5. 5. The ancestral place of the Satar people is not actually known, although it is hypothetically said that they must have migrated to Nepal from the district if Dumka, Santhal province, due to some pull factor (Mechi Dekhi Mahakali Samma, 1974 A.D.). But, what are the pulling factors for their migration is not described in detail in this book. So, it gives information to readers mainly on the custom and beliefs of the Satars. This book is also unable to show the pure sociological as well as anthropological study of the Satar people. It gives only the general introduction of these Satar group. According to this book Satar is the name of the caste that belongs to Austic family although the Satar people seem like Mongolian at first sight. In India they are called Santhal and Sotal but in Nepal they are called Satar. In general, they are short, small headed, black, wrinkled color at white part. They are simple, honest and brave (Dahal, 1994 A.D.). About the name 'Satar' there are different opinion presented by different intellectuals. Soota is considered as a place of Midanpur, Bengal and from Soota some assumed that Satar originated and then the Satar and Santhal (Mechi Dekhi Mahakali Samma, 1974 A.D). The Satars are one of the ancient ethnic groups of Nepal (Shrestha and Singh, 1987 A.D.). The authors stated that their origin is still obscure, but most probably they are migrated from Santhal Pragnnas and chota Nagpur of Bihar, India. Satars are Indian ethnic group in Nepal. They are migrated into the eastern plain region of Nepal from Dumka district of Santhals Pragnnas, a subdivision of Bihar state, nearly 6-7 decades ago (Dahal, 1978 A.D.). Characterizing the Satars as the Santhals of Bihar, India Shah (1975) has further mentioned that they are nomads who traveled back and forth across the Nepal-India border. He has additional opinion that Bodes and Dhimals are classed with Satars because they live close to each other. Many writers have the opinion that the Satars are the tarai people but some regard them as the indigenous people of Nepal while others disagree with their own views. The Satars are not indigenous people of Nepal and they are recognized as recently entered caste in the tarai (Mechi Dekhi Mahakali Samma, 1974 A.D.). Satars shift one area to another and comeback to the original place few years later. They may be said to practice shifting cultivation that in contact to other tribal and mountainous part of Asia, is not common in Nepal. They supplement their income from fishing and hunting (Shah, 1975 A.D.). According to Prasain quot;Satars must have migrated to Nepal from India in different times from different parts of India as well as Bangladeshquot; (Prasain, 1985). Dwivedi (1982) has also tried to give a general introduction of Satars but he failed to talk about the pull factors of socio-cultural change. Satars are aboriginal of Nepal. The tarai region is for the most part inhabitants by two groups. Firstly, there are the aboriginal inhabitants of the malarial forest, such as Tharus, Danuwars and Satars (Poffenburger, 1980:9). Dalton (1972) has provided a mythical legend about the origin of the Santhal. According to legend, a wild goose came from the great ocean and lighted at Ahiri Pipri and there laid two eggs. From those two eggs a male and a female were produced, who were the parents of the Santhal race. From Ahiri Pipri our progenitor migrated to Hara Duhie, and there they greatly increased and multiplied and were called Kharwars. Then they removed to Khairagarh and 5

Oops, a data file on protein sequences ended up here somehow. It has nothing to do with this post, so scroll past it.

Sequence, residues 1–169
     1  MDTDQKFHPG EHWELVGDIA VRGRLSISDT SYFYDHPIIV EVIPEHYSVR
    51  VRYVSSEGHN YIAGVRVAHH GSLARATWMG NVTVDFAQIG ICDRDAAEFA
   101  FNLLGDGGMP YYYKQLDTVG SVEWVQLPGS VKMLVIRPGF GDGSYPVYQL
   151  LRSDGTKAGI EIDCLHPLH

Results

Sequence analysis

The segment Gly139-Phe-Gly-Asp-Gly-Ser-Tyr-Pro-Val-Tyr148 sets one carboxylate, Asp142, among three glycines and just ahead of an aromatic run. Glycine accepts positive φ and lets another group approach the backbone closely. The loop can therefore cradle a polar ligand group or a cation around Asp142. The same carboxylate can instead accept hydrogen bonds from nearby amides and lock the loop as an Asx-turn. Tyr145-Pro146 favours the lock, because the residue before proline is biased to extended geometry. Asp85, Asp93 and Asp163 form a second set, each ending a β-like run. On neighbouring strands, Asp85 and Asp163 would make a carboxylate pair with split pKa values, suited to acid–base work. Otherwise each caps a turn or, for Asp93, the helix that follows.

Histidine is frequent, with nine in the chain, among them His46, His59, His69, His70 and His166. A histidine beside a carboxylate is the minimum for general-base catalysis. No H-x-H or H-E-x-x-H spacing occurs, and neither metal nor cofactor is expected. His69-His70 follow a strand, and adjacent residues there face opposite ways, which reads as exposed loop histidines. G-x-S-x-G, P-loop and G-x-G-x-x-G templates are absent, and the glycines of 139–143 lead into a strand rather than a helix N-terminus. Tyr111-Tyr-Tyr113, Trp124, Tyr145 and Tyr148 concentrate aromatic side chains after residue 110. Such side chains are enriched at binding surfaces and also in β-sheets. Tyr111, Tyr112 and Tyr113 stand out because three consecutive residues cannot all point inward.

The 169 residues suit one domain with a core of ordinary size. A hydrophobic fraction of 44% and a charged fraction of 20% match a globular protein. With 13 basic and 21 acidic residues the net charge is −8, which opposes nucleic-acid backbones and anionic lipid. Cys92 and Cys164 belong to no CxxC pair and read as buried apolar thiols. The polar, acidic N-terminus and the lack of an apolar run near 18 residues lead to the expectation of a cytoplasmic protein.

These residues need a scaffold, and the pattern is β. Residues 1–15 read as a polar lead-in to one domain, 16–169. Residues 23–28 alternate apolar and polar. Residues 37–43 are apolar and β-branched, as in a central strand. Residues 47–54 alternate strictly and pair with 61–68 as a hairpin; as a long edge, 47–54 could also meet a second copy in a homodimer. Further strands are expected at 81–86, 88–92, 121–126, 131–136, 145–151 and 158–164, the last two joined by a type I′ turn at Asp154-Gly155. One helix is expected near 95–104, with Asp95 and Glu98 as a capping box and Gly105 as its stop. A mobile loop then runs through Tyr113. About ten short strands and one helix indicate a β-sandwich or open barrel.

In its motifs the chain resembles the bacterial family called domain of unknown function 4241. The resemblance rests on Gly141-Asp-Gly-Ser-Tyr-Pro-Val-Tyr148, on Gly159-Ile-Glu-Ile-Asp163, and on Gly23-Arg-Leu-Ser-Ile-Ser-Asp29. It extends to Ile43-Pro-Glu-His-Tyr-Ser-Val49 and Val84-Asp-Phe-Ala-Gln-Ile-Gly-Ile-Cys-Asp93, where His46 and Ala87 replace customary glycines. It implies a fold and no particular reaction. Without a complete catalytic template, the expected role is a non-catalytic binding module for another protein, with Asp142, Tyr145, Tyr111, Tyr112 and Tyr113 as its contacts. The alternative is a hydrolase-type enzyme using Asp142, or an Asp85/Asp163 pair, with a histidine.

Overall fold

6. 6. Hurredgarhi and eventually settled in Chai Champa in the Hazaribagh district, where they remained for several generations. Satars can be found in different countries including Nepal, India, Bangladesh, Sri Lanka, Maldives and Mauritius etc. In maximum number they are found in India (Dahal, 1994 A.D.). In Jhapa they are specially found in Dhulabari, Chandragadhi, Jyamirgadhi, Dhaijan, Kakarbhitta, Duhagadhi, Anarmani, Garamani, Haldibari, Bhadrapur, Mahespur, Saranamati, Kumarkhod, Taghandhubba, Chakchaki, Surunga, Satasidham, Mahabara, Sibagunj, Rajgadh, Ghailadubba, Charpane etc. In some area they are found in groups and otherwise they live individually. In Morang they live in Urlabari and other areas joined with Jhapa district. In Sunsari they are found in Inarwa and Itahari (Dahal, ibid). In Nepal the Satars are found only in Jhapa, Morang and Sunsari and if they are found in other districts they should be there for a temporary job (Sharma, 1997 A.D.). Among the whole population of the Satar, about 50% are found in Jhapa (Jhapa Jilla Ek Chinari, CBS 2004). According to population census 2001 of CBS their total population is 42, 698 and among them 23, 172 live in Jhapa. But their number is decreasing these days. quot;There is Jagmajhi, who look after the morals of the boy and girls, second a Paramanik, whose business is to attend to the farming arrangements. He disallows any monopoly of peculiarly fertile rice land; all must share the good and bad. He had to look after the new settlers. Third Naia (Nayak) village priest, the land is assigned to him, but out of profit of his state, he has to feast the people twice in a year at the festivals of Sarhul and Moimuri for the blessing of crops (Dalton, 1972 A.D.). Similarly Dalton has the view that the Santhal have their own traditional, political institute known as Panchayat, which serves as a governing mechanism within the community. Law and order within the community is mentioned with the help of village council. The decision of the village council is obeyed without any hesitations by the villagers. The council of the village is presided over by the Majhi who is appointed as the head man with the unanimous support of the village (Bista, 1972 A.D.). Prof. Bista writes about the political institution that each village has a council of elders which is found necessary to discu the problems and disputes among the community members. Bista ss has the view that the culture of the Satar people is different with Brahmin and Chhetri. Satars are free in pre-marital activities. Virginity of the Satar bride is not necessary, the culture and society of Satar community allows the girls to have a sexual contact with anyone, but it is demanded that she should not be pregnant. In the case of pregnancy, the boy had to marry her. The freedom of pre-marital sexual relation, marriage and divorce is easy among the Satars. There is no judicial procedure like other ethnic groups such as Brahmins and Chhetri. The couple can easily divorce each other paying certain amount of money and no one force them to stay each other (Kattel, 1985 A.D.). Satar do not practice early marriage. Usually the age of the bride and groom are twenty of more than that. The young people enjoy absolute freedom in pre-marital activities. In the case of pregnancy, the lover is expected to marry the mother of his baby or at least it is his responsibility to find a husband for the girl, which is not difficult, but in such cases he is also 6